WESTERVILLE, Ohio — Ohio Gov. John Kasich favored philosophy over policy — and politics — in his final State of the State address Tuesday evening, saying he has done the best he can while vowing to “run through the tape” before he leaves early next year.
With references to philosophers and theologians, the second-term Republican dwelt on values such as love, humility, forgiveness, compassion, responsibility, and justice, saying they have guided him and can be embraced by more Ohioans to help improve their state.
“I think because we have been faithful to practicing these values, I believe the state of Ohio is stronger today that it has been in a generation,” Mr. Kasich said to a crowd of more than 900 people in the Fritsche Theatre at Otterbein University in his hometown of Westerville. “Ohio is back, and Ohio is strong again.”
Mr. Kasich rapidly painted the picture of his first seven-plus years in office as seeing improvements in job creation, mental health, and developmental disability treatment, reduced prison populations, and efforts to battle Ohio’s deadly opioid crisis, human trafficking, and other social ills.
He called on Ohioans to help others.
“We need to have a more permanent compass,” he said. “Everyone deserves respect regardless of race, creed, appearance, our station in life. We all deserve respect because we were all created, made in the image of our creator.”
Mr. Kasich admitted he was a flawed man but said he has worked hard to help Ohioans since the day as a young Ohio Senate intern he would sneak looks into the governor’s office in the Statehouse. “One night, I went down to the door, and I looked and my name was on it. What a journey ...”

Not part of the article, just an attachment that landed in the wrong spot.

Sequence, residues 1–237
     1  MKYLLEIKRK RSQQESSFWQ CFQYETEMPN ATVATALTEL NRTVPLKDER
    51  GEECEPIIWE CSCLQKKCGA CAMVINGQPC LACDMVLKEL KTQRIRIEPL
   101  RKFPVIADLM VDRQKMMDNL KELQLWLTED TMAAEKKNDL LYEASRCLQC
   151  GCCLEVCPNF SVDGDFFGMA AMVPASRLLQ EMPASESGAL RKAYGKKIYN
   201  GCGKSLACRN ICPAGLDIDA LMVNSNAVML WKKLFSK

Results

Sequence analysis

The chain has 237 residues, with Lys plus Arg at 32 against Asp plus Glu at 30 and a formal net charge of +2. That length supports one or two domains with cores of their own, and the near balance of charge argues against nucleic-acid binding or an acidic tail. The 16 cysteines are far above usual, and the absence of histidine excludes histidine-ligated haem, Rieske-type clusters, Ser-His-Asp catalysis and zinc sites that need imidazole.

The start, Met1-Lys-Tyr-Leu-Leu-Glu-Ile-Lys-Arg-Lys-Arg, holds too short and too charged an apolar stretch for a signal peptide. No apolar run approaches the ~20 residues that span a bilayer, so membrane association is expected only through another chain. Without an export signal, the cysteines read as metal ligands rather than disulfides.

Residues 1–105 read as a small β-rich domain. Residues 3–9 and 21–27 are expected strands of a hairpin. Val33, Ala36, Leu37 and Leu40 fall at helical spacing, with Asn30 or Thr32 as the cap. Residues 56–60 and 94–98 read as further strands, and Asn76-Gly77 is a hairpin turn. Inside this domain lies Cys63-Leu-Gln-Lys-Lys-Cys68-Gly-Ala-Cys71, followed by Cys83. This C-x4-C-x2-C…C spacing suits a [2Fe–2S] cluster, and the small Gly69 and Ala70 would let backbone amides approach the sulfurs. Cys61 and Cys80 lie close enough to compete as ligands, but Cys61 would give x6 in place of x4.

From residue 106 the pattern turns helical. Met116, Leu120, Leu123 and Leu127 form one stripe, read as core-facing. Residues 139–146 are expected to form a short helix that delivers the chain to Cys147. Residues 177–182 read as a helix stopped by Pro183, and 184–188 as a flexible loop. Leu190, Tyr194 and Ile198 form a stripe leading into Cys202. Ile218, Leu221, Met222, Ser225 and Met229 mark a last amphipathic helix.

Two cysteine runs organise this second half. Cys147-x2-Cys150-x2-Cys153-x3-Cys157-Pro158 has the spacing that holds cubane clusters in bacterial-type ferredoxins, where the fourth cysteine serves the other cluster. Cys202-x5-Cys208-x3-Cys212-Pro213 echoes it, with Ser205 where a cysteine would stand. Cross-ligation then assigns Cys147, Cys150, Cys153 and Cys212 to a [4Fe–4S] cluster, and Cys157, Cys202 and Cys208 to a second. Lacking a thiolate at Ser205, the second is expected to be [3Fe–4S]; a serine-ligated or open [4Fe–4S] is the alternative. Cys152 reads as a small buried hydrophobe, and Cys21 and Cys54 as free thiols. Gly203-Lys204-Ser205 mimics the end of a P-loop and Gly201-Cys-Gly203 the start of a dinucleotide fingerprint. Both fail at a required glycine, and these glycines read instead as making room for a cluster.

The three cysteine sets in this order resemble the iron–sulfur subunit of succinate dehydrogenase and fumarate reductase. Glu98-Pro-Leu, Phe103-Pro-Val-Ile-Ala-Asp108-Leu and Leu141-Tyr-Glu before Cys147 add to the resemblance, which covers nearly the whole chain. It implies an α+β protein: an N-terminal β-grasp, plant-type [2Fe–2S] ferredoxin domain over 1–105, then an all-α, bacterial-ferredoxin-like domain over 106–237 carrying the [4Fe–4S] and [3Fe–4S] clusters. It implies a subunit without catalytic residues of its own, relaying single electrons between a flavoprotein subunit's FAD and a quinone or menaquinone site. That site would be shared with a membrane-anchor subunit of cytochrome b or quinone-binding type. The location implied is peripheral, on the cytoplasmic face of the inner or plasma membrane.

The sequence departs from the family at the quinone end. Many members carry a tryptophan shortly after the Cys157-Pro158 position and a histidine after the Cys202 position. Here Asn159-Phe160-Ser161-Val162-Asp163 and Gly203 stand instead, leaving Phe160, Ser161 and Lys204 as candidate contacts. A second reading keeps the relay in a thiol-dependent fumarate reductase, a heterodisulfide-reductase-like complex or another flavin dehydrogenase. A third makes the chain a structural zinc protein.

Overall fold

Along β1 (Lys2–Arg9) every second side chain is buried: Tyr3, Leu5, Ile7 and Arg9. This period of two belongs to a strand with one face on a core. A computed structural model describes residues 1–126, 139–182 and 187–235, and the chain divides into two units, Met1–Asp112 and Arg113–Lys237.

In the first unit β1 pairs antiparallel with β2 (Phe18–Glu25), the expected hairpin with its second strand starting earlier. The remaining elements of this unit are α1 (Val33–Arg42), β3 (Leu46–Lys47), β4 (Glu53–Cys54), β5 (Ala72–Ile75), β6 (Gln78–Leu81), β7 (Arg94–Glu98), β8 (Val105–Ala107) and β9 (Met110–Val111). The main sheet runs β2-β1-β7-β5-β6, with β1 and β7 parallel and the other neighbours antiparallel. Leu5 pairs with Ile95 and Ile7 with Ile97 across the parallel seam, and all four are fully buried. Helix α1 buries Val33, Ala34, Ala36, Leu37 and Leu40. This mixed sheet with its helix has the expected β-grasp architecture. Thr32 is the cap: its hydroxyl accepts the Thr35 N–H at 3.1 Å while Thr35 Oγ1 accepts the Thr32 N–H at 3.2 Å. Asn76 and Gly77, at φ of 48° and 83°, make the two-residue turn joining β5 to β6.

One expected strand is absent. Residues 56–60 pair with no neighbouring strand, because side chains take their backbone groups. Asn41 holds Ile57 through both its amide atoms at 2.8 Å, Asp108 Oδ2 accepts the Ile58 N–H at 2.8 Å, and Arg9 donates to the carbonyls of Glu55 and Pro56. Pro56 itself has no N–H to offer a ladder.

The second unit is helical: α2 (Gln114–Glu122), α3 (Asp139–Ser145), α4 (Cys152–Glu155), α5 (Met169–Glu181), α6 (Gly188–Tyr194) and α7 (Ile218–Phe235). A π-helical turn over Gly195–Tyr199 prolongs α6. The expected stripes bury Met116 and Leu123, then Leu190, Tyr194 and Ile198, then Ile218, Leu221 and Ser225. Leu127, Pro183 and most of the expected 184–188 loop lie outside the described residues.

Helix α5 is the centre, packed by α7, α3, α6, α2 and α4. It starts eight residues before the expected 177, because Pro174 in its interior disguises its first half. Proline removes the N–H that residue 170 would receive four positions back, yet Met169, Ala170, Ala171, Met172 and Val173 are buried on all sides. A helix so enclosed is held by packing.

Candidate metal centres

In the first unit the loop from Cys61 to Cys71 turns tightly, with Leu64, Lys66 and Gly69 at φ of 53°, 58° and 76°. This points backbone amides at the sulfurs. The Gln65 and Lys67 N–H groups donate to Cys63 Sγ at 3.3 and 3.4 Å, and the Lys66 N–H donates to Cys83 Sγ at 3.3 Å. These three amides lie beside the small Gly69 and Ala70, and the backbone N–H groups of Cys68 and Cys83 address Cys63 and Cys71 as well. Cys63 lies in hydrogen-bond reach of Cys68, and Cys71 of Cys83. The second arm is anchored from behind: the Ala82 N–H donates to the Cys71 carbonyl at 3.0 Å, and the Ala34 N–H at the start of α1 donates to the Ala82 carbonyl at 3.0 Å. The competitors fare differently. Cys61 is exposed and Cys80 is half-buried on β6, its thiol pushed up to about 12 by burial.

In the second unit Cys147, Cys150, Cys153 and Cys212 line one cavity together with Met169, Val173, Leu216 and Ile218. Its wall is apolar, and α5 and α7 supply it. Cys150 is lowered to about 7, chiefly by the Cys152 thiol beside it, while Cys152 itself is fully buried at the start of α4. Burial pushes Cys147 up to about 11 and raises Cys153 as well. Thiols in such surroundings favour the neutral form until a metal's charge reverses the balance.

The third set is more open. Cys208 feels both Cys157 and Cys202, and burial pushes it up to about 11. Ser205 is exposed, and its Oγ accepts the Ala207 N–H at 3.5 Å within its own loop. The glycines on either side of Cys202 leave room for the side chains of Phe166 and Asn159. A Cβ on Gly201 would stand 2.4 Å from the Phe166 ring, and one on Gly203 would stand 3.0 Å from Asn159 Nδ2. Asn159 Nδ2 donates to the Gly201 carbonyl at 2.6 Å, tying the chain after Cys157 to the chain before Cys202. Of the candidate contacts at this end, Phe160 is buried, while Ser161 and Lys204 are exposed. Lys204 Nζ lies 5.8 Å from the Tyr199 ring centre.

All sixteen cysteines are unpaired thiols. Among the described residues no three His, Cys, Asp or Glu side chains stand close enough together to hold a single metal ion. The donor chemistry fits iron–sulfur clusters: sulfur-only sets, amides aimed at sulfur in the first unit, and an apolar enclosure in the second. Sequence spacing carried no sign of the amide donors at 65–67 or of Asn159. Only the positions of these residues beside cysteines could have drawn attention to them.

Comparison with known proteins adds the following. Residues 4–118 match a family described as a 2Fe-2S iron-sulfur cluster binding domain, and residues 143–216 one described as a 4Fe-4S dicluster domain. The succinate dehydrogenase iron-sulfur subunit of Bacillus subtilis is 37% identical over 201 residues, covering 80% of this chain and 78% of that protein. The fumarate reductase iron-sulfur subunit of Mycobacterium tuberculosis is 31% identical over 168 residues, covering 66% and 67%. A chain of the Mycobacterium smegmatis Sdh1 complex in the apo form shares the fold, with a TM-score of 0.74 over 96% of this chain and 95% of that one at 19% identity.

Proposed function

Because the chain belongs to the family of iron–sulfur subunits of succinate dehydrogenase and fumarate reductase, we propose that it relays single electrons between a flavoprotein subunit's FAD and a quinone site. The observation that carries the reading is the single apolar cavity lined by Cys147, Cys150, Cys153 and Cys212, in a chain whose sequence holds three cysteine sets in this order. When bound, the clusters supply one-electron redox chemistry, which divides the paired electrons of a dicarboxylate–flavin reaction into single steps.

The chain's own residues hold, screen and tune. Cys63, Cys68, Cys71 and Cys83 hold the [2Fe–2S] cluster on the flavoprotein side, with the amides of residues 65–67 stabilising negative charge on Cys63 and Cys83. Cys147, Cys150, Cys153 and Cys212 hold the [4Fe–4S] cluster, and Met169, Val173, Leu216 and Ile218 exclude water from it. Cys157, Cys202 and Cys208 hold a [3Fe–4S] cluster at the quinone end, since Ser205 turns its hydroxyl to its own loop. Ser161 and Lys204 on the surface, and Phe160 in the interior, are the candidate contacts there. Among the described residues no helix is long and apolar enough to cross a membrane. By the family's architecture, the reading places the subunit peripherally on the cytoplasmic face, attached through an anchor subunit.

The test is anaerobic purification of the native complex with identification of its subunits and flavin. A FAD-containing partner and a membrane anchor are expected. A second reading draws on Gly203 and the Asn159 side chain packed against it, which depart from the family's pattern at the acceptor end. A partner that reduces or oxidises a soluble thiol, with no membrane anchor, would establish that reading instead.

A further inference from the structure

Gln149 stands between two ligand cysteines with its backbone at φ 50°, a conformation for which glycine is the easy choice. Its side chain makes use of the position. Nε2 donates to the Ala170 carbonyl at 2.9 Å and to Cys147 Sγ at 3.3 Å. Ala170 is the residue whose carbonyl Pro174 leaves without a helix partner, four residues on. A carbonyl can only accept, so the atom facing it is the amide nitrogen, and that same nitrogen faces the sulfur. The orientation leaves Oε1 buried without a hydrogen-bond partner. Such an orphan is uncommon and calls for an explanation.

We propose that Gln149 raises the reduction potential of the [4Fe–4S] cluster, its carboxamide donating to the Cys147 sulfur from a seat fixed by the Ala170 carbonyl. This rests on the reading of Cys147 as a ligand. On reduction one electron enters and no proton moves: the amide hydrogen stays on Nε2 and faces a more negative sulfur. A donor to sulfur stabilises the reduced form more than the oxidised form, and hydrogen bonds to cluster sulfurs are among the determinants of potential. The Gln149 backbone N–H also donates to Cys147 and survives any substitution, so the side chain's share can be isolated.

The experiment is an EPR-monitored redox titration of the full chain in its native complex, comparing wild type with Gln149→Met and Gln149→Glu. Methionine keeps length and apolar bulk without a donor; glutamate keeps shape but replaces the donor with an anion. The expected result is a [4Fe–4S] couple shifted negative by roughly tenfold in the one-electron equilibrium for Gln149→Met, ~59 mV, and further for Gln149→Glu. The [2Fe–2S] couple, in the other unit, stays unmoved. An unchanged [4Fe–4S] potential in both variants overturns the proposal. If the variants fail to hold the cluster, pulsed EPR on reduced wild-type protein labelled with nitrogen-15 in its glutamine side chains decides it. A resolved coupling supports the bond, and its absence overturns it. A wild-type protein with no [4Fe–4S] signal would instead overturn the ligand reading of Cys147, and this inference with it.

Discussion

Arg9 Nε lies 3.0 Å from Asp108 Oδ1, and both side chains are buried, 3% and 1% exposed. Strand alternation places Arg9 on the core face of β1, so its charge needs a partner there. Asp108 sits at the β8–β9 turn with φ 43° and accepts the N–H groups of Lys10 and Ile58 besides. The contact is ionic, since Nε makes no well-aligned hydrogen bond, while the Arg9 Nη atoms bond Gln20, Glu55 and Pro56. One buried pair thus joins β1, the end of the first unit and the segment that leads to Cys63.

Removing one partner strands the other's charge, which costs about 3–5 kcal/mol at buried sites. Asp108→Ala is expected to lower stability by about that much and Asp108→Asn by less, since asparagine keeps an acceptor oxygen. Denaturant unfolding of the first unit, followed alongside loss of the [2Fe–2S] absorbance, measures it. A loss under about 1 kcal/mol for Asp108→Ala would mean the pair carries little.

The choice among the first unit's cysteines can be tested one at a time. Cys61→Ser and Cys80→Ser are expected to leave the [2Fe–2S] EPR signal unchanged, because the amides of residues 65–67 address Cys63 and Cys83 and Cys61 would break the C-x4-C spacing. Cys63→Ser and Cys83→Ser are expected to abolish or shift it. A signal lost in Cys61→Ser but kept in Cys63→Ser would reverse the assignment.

“All I’ve ever tried to do was to lift myself as far as I could go meet the honor of that office, to lift myself to reach a little higher so I could be worthy of it. ... I have just done everything I can do, I’ve done my best,” said Mr. Kasich, who made no references to his potential presidential aspirations in 2020.
Minority Democrats said they heard inspiring words from the governor, but they want to see more action in areas where the state continues to underperform the nation, including infant mortality and job growth.
“We all heard some very uplifting commentary and inspiring words, and I thought that was a build to talk about some more complicated policy issues like common-sense gun safety issues,” said House Minority Leader Fred Strahorn (D., Dayton). “That just did not happen. It feels like a loss.”
While the speech had some really nice thoughts, Mr. Strahorn said, he did not hear about passing policies to create the kind of opportunities and innovation that once attracted people to the state.
“That’s just not happening today. We’re leading in all the wrong ways,” he said.
“What we’re doing in Ohio may be working for some corporations, and it may be working for some rich people, but there’s an awful lot of Ohioans, despite what the governor said, are being left behind.”
While the large majority of his speech was devoted to faith and values, Mr. Kasich did deliver two nuggets of news.
A $112 million behavioral health facility will rise to replace the 1977-era Twin Valley Behavioral Healthcare campus on the Hilltop, the busiest state mental facility in the state. The new building will improve care for more Ohioans, Mr. Kasich’s administration said.
The Jesse Owens State Park and Wildlife Area, named for Ohio State’s University gold-medal track and field star, eventually will occupy 13,000 acres on AEP-reclaimed former coal mining land in Morgan and Muskingum counties. Mr. Kasich, an Ohio State graduate, chose the name for the park, which he said will become the state’s largest.
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